‘News-pay-per,’ he repeated, turning to page three, never reading the even numbered pages. His eyes darted over the tall page until he came to a small article in the bottom left based on a survey carried out to determine voter apathy amongst the 18-21 student population.

Eighty-four per-cent felt indifferent towards politics.

‘A-path-ie, apa-thee, apache, apaffy, Gadaffi, adaffy, adaffy duck, quack quack.’ He followed the words by making the noise of the duck and then, apathetic towards the newspaper, threw it down onto the floor.

‘Be quiet,’ he said to the wall, raising his voice to what he angrily termed the yap yapping, gab gabbing, blab blabbing. He carried his body backwards across the bed toward the middle where he remained, listening. He heard the words student and apathy, and concluded that his neighbours were discussing the news, unable to clearly define each word, which he figured made the aggravation worse. He wanted to tell them to either shut up or speak up, he didn’t mind which but to hear it and not be able to hear it, unable to follow the conversation, that was the problem, he pondered.

‘Eighty-four per-cent,’ he said, before adding, ‘Aye T Four.’

The low chatter began to feel like a bad toothache. He inhaled deeply and held his breath for ten seconds, whilst staring at the once white ceiling. Exhaling slowly he told himself to keep his erratic focus on the sound of his exhalation, and not the muffled voices.

‘SHUT UP!’ he shouted, sharper and louder still than his previous attempt. But it made no difference. He asked himself why he could hear their polite conversation level chitchat and why they ignored his shout! But then he asked himself, with his eyes still on the ceiling, what right had he to tell them to shut up, after all they were only talking. The inescapable justice of his last thought hit him accompanied by a dose of futility. He didn’t want his reason to be on their side. He pounded his arms on the bed, raised them and thumping the mattress in unison.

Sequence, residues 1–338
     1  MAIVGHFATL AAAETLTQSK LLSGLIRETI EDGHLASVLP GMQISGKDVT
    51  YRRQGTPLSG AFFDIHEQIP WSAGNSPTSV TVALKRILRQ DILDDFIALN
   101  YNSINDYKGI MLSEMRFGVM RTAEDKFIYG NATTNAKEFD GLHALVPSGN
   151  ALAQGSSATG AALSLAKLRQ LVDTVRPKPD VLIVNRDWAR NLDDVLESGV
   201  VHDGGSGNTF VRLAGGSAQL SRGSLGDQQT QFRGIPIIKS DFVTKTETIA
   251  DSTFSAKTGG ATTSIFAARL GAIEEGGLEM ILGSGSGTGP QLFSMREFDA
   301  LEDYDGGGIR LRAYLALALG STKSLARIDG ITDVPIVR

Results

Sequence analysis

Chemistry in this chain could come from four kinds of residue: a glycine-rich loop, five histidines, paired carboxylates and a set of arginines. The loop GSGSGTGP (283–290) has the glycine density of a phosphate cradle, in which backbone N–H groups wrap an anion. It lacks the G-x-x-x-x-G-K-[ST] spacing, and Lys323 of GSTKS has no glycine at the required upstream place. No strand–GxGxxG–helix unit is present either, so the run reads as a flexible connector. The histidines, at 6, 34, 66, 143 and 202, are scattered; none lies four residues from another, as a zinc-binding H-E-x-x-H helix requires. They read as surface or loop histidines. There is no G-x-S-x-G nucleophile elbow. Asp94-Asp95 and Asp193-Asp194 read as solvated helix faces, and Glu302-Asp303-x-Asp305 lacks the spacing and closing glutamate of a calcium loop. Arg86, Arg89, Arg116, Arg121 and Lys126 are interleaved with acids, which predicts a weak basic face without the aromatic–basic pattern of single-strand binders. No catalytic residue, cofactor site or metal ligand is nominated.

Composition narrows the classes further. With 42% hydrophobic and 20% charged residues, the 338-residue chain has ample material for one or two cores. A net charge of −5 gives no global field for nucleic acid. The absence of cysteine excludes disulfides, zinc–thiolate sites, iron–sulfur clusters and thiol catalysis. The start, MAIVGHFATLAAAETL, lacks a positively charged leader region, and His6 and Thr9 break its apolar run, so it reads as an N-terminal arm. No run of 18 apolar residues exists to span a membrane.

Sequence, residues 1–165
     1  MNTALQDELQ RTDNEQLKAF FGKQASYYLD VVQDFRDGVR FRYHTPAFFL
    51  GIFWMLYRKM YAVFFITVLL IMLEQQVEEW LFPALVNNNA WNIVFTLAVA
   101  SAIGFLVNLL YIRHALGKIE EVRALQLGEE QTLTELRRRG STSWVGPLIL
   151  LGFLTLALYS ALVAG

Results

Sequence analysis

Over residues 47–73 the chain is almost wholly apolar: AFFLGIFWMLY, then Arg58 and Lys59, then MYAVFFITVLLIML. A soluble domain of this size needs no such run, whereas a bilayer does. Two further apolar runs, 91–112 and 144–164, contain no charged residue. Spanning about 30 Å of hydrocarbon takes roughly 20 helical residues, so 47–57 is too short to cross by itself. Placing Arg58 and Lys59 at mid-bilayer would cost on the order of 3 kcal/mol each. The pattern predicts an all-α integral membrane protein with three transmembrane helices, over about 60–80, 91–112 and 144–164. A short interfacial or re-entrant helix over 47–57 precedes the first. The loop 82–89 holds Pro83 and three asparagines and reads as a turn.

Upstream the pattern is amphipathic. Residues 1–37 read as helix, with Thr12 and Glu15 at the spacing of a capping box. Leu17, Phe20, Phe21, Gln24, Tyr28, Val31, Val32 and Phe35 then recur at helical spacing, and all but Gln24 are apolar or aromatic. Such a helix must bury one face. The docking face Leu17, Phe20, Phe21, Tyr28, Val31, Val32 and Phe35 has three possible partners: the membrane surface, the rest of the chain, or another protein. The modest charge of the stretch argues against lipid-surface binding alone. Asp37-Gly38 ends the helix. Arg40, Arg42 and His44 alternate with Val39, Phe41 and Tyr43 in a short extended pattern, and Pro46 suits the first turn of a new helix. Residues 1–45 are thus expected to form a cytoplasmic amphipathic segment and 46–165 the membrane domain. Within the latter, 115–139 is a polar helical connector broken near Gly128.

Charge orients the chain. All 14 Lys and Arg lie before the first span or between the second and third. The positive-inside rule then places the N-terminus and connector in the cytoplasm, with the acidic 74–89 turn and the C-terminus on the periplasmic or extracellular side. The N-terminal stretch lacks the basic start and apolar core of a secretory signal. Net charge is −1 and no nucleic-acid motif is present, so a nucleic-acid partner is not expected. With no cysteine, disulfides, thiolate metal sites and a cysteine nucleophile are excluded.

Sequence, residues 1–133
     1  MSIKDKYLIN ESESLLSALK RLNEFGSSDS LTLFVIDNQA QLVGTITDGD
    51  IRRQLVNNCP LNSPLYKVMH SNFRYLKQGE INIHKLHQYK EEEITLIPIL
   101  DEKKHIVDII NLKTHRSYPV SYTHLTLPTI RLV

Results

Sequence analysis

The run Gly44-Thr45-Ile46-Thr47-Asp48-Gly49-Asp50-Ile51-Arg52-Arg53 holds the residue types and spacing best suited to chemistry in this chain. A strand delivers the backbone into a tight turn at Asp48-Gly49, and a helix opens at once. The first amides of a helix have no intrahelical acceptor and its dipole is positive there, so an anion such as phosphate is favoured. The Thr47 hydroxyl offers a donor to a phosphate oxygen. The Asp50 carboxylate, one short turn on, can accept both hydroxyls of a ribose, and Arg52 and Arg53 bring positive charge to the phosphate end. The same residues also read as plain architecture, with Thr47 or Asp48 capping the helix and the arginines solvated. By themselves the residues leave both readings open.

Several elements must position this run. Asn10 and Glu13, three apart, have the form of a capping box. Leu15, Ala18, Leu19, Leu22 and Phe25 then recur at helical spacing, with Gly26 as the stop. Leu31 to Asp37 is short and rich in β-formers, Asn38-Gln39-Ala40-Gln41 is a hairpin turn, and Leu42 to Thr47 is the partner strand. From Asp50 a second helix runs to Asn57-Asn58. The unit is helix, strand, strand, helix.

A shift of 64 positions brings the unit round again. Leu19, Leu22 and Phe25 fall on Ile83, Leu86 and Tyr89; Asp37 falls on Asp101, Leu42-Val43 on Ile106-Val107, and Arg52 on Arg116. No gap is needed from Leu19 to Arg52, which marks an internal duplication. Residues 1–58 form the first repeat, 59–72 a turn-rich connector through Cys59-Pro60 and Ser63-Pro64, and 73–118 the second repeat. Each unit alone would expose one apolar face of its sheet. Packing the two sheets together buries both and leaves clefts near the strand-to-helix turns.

‘SHUT UP – BE QUIET!’ he shouted, still louder and loaded with frustration and impatience as he jumped up from the bed and gave the floor a quick stamp with his foot.

‘Calm down, calm down.’ He told himself, thinking he’d just feel embarrassed the next day if he threw a tantrum. He pushed his hands through his hair and stiffly paced the small area around his bed, and then stopped abruptly. He listened. And still they chattered. They were STILL chattering away.

‘They could at least acknowledge me, the fucking idiots!’ he said, feeling the rage swirling around his body. Snapping, he immediately jumped on top of his bed and proceeded to pound his fists on the wall.


He got himself into such a rage, his spit covered the wall. The bed, on unreliable castors, separated itself from the abused wall at which point Tony jumped off and leapt to his front door, ready to let loose on his gabbing neighbours.

He didn’t see the small pocket radio on the floor by the side of the bed, now revealed to the rest of the room, lying on its side, the tuner fixed to Talk FM.

Tony stood outside his front door and looked around him, and then lifted his head up to the full moon lying in the jet-black sky. He hit his head Homer style with the palm of his hand before returning to his solitary camped blue and white caravan. Alone.

© Bel Webb 2004